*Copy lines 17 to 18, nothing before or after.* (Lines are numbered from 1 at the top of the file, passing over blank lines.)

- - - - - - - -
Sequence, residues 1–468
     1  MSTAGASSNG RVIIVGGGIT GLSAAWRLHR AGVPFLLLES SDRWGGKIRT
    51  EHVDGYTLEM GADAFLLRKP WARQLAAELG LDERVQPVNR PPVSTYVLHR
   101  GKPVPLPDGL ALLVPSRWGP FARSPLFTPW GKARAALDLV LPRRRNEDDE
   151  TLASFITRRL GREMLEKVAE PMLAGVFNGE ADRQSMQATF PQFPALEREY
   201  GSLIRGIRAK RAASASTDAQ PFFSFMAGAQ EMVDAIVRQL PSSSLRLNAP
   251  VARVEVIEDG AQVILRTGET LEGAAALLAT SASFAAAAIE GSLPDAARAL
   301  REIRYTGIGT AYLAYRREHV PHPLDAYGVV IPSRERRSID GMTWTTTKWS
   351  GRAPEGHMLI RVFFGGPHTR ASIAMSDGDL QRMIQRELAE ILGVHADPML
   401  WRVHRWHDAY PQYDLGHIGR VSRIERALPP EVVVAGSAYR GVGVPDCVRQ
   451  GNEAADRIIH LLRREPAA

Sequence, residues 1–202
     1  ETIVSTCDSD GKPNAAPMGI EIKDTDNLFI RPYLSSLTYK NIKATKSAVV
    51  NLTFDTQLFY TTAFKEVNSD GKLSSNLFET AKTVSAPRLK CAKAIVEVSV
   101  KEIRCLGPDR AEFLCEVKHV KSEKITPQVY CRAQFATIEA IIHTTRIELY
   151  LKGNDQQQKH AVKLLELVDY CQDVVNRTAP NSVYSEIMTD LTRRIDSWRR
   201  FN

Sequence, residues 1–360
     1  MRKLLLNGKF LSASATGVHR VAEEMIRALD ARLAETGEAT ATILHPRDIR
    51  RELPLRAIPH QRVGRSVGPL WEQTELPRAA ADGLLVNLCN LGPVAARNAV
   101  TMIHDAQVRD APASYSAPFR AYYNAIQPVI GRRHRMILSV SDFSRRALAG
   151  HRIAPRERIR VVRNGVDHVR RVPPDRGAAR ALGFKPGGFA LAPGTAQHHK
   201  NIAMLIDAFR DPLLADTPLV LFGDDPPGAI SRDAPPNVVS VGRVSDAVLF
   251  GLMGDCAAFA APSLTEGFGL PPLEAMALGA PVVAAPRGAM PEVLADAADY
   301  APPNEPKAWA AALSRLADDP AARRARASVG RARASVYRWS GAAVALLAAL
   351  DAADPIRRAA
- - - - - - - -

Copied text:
   201  FN

Sequence, residues 1–360